Metropolitan Board of Directors calls for increased conservation and expands water efficiency programs
With record dry conditions straining Southern California’s water supplies, Metropolitan Water District’s Board of Directors today declared a Drought Emergency and called for increased efforts to maximize conservation, especially in communities facing the greatest challenges.
The declaration comes as California grapples with unprecedented conditions on state water resources. Water years 2020 and 2021 were the driest two-year sequence on record for precipitation in the state. And in August, Lake Oroville – the main reservoir on the State Water Project – reached its lowest point ever since being filled in the 1970s.
As part of today’s emergency declaration, Metropolitan’s board called on its member agencies dependent on state project water to use increased conservation measures or other means to reduce their use of these limited supplies.
To help the region save water, the board also approved a series of measures to expand various rebate and water-efficiency programs.
“We need immediate action to preserve and stretch our limited State Water Project supplies,” board Chairwoman Gloria D. Gray said. “Southern California on average gets about one-third of its water from Northern California via the state project. Next year, we’ll be lucky to get a small fraction of that.”
The California Department of Water Resources has indicated its initial SWP allocation next month will be zero. And if drought conditions continue, the state could do something it has never done before – provide only enough water as deemed necessary to protect the health and safety of Californians. Under this never-before-used provision of the SWP contract, the state has indicated it would constrain water deliveries to a level that may prevent any outdoor watering.
“We’re reaching uncharted territory here and we need all Southern Californians to be part of the solution,” Metropolitan General Manager Adel Hagekhalil said. “We need everyone to take action to reduce their water use immediately. This drought emergency declaration helps us all move in the same direction.”
While the region’s SWP supplies are particularly stressed this year, much of Southern California can turn to the Colorado River, local supplies and Metropolitan’s stored water in the Colorado River system. This year, Metropolitan has taken extraordinary actions to preserve SWP supplies by instead delivering Colorado River water to as much of the region as possible. Metropolitan has rehabilitated the Greg Avenue Pump station, allowing Colorado River water to be pumped further west than it ever has before, into the San Fernando Valley and Southern Ventura County. Metropolitan member agencies, including Los Angeles Department of Water and Power, Three Valley Municipal Water District and West Basin Municipal Water District, have agreed to take deliveries of Metropolitan’s treated Colorado River water, rather than the untreated water from the SWP they would normally receive. Metropolitan is negotiating similar arrangements with other member agencies.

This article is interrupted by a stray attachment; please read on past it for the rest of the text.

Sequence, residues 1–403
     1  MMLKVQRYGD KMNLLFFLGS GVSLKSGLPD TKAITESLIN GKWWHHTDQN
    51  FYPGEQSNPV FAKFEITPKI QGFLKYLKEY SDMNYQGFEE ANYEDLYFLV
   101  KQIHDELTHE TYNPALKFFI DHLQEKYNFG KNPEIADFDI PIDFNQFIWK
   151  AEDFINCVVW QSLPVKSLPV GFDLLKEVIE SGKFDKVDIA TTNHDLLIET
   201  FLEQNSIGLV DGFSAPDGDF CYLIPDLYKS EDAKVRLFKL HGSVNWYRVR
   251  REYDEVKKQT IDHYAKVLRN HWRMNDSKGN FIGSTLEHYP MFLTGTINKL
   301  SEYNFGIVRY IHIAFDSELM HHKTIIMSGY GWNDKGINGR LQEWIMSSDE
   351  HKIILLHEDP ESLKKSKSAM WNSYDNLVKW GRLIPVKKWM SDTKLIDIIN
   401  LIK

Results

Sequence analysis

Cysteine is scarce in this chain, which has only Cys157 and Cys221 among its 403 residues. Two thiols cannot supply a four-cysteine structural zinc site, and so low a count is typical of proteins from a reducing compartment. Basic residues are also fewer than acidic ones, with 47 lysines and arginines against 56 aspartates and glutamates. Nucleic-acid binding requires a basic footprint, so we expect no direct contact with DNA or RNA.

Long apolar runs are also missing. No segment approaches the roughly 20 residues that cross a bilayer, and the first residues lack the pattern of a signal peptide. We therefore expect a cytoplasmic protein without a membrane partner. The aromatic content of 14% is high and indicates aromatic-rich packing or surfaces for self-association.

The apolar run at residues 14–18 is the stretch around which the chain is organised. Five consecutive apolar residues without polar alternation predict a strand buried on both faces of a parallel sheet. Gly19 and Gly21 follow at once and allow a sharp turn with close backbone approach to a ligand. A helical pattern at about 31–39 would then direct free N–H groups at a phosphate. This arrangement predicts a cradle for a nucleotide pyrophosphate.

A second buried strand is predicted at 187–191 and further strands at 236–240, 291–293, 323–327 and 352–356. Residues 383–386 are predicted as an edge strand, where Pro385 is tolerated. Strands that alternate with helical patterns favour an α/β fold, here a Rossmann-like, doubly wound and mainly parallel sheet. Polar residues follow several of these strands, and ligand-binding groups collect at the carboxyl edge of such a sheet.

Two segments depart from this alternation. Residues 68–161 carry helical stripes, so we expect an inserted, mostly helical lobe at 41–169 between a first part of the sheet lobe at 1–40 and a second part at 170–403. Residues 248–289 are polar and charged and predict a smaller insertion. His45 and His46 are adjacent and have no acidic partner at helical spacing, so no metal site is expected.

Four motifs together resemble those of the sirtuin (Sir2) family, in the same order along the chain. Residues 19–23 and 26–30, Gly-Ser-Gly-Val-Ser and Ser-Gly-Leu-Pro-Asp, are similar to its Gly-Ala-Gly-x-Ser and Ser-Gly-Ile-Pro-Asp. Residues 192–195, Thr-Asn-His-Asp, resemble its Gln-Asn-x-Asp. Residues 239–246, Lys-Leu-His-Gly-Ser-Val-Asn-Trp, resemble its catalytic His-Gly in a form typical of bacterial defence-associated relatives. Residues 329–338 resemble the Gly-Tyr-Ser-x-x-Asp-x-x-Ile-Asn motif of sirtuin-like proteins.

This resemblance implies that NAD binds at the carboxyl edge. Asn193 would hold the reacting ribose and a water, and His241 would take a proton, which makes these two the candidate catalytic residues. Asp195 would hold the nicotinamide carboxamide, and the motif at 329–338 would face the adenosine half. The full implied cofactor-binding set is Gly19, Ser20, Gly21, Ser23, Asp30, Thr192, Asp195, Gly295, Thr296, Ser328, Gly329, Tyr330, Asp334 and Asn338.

Still, some areas of Southern California remain dependent on SWP supplies, including some communities in Los Angeles, Ventura and San Bernardino counties served by Los Angeles Department of Water and Power, Calleguas Municipal Water District, Las Virgenes Municipal Water District, Upper San Gabriel Valley Municipal Water District, Three Valleys Municipal Water District, and Inland Empire Utilities Agency.
“Our Colorado River supplies are finite as well – there is a drought on that system, too – so we need everyone to use water wisely. But the urgency now is on the State Water Project. That’s why we’re calling for increased conservation in those dependent areas,” Gray said.
Today’s declaration marks the latest in a series of actions Metropolitan has taken to ramp up conservation in the Southern California. In August, Metropolitan’s board declared a Water Supply Alert for the region, calling for consumers and businesses to voluntarily reduce their water use and help preserve the region’s storage reserves. Some of Metropolitan’s member agencies have already gone a step further by implementing new mandatory conservation measures or maintaining past ones.
Under the expanded conservation programs approved today, Metropolitan will provide an additional $5.5 million to install high-efficiency toilets in older apartment buildings; increase its turf replacement program rebate from $2 to $3 a square foot for public agencies that replace grass with more water-efficient landscaping; and provide an additional $1.5 million for its program to directly install water-efficient devices for income-qualified customers. In addition, the board approved a new $2.6 million grant program to help public agencies detect and repair leaks in their distribution systems.
The Metropolitan Water District of Southern California is a state-established cooperative that, along with its 26 cities and retail suppliers, provide water for 19 million people in six counties. The district imports water from the Colorado River and Northern California to supplement local supplies, and helps its members to develop increased water conservation, recycling, storage and other resource-management programs.